The race issue is still very much alive in South Africa, also in the Reformed Churches of that country. The following are excerpts from the RES News Exchange.
The General Synod of the Dutch Reformed Church in South Africa, which meets every four years, convened the latter part of October. The DRC is probably the most influential (white) church in South Africa. For this reason, . . . a long report on race relations . . . on its agenda . . . sparked much comment. . . . The report on race (Landman Report) was issued from a more “enlightened” element within the DRC. So hopes were high that the Synod would adopt resolutions that would provide new and strong leadership in the touchy area of race relations.
The final product, like most synodical decisions was a child of compromise. As a result, it evoked widely varied reactions. The Scriptural basis and the principles derived there from show a genuine willingness by the church to listen to the demands of the gospel in the matter of race. However, the practical implications drawn from these principles disappointed many observers, even many of those traditionally sympathetic. The congregations received very little new practical direction from the DRC Synod.
However, a clearer look at the biblical givens can exert a considerable influence on a church: in this regard definite steps were taken by the Synod. It unequivocally rejected all attempts to found the racial differentiation of mankind on the Noachitic curse. Also rejected was the identification of South Africa with the Israelites, a practice that had applied God’s commands to Israel to be a separate people to (white) South Africans.. . . Although the New Testament recognizes the diversity of races, it does not make it into a supreme principle, but holds as the highest norm for relations between the races the command to love one’s neighbor. However, the report maintains the New Testament does allow that under certain conditions different races may arrive at a way of living together in the same country through the way of “separate development”. . . .
On the subject of social justice the report makes strong principal statements. Although. it maintains that the church has a unique role in this world, which is not first of all to deliver a program of action for all dimensions of life, but to preach the gospel and administer the sacraments, the report sees it part of the church’s task to take a critical and healing stance toward sinful structures in society. . . .
The principal part of the Landman Report was adopted by the Synod with relative unanimity. The practical consequences, however, evoked heated debate and strong differences of opinion. The R.ES (Sydney 1972) resolution on interracial marriages, which was adopted by the “Mission Church”, a daughter of the DRC, was rejected. . . . .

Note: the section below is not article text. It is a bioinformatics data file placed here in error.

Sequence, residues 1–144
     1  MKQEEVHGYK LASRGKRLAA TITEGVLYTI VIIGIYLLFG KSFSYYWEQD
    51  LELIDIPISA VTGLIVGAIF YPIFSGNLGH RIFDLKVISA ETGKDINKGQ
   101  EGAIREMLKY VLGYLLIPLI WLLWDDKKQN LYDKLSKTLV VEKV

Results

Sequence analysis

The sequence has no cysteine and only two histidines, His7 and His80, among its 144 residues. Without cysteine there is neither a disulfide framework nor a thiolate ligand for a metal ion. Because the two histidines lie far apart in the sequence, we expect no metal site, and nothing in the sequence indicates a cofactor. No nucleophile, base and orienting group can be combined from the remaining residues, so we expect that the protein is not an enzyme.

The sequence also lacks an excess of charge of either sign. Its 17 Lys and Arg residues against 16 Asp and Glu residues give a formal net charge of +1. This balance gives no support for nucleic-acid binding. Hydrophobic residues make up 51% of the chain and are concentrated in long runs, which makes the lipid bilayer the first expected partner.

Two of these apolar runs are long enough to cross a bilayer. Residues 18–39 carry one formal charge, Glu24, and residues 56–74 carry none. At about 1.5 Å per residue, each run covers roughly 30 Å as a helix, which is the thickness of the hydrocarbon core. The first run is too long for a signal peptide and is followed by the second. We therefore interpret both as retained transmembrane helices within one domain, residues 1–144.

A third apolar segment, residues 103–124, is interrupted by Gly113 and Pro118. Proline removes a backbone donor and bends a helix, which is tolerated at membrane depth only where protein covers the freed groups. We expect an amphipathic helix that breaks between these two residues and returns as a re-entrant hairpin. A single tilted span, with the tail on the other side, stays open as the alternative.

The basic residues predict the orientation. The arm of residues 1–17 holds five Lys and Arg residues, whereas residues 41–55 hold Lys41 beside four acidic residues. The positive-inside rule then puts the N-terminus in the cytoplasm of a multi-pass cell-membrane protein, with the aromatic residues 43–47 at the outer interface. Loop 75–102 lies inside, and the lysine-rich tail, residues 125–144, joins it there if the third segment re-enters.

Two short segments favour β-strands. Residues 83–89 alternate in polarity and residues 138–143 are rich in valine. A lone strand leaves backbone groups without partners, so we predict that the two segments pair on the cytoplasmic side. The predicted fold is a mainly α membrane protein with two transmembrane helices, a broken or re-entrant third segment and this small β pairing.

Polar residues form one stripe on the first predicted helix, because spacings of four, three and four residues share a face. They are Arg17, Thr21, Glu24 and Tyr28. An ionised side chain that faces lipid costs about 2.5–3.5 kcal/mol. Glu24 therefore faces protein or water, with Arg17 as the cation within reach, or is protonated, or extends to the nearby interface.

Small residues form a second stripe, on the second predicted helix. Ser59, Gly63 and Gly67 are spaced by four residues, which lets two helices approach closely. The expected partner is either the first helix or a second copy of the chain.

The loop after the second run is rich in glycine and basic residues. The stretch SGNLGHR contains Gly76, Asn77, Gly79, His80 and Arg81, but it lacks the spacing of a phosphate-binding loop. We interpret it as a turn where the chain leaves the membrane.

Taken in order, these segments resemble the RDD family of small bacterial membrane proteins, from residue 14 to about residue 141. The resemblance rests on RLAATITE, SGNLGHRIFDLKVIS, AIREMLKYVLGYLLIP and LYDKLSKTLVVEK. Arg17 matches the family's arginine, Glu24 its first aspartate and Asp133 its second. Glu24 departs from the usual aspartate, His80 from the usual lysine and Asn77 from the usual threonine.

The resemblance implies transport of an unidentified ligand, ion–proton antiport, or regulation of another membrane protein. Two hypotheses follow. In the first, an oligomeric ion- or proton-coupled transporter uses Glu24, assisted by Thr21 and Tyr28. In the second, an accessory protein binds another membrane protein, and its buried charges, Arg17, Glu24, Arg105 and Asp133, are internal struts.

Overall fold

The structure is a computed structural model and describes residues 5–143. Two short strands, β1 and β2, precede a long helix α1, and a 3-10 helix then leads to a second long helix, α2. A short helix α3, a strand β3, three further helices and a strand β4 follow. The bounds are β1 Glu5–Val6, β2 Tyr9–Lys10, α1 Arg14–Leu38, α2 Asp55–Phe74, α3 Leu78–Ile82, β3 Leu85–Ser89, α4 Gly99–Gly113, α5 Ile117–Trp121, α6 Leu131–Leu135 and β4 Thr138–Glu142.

. . .The report proposed that the churches open their doors to all races and worship together. Another proposal suggested that (white) church buildings be shared with congregations of other races. Both proposals gained considerable support, but the Synod concluded that, given the function of Synod within the formal (Reformed) structure of the church, it could not really impose such recommendations upon the congregations. Many commentators felt that the Synod neatly dodged the issue.
. . .The Synod resolved to look more closely into the socio-economic forces that are creating frustration within the Colored and Asiatic communities. Some observations were not adopted by the Synod, on the grounds that the church does not have the duty to hold up a blue print for social change to the government.
In connection with this, we may also note that the Dutch Reformed Church in South Africa has threatened, in the form of an ultimatum, to break off fraternal relations with the Gereformeerde Kerken in the Netherlands if the latter does not reverse its headlong plunge into false doctrine. This ultimatum has stirred a large amount of controversy in the Netherlands. The whole issue of race in the South African Churches is part of the controversy.
A New Reformed Seminary In France
On October 13 and 14, in Aix-en-Provence, in Southern France, a new Reformed Seminary was officially opened. It is an independent and inter-denominational Seminary, but its avowed purpose is to uphold and maintain the Reformed faith, and to train ministers in the Reformed faith for work in the Reformed Churches in France. Although the faculty is taken from various denominations, the French Confession of Faith is the confessional basis of the Seminary. The French Confession of Faith was written at about the same time as the Belgic Confessions, closely resembles the Belgic Confession in form and content, and was written under the influence and with the advice of John Calvin. It has always served as the confessional basis of the Reformed Churches in France, but the major Reformed denomination in France, the French Reformed Church, has become increasingly liberal and pluralistic.
The main support of the Seminary comes from conservatives within the French Reformed Church and from the Independent Evangelical Reformed Church in France which is a member of the RES. The school is opening with a Faculty of five, within twenty-five students, fifteen of whom are full-time.
The new Seminary has provoked considerable discussion within the Reformed Churches in France. Especially leaders within the larger and more liberal denomination consider the Seminary a divisive force within the Churches.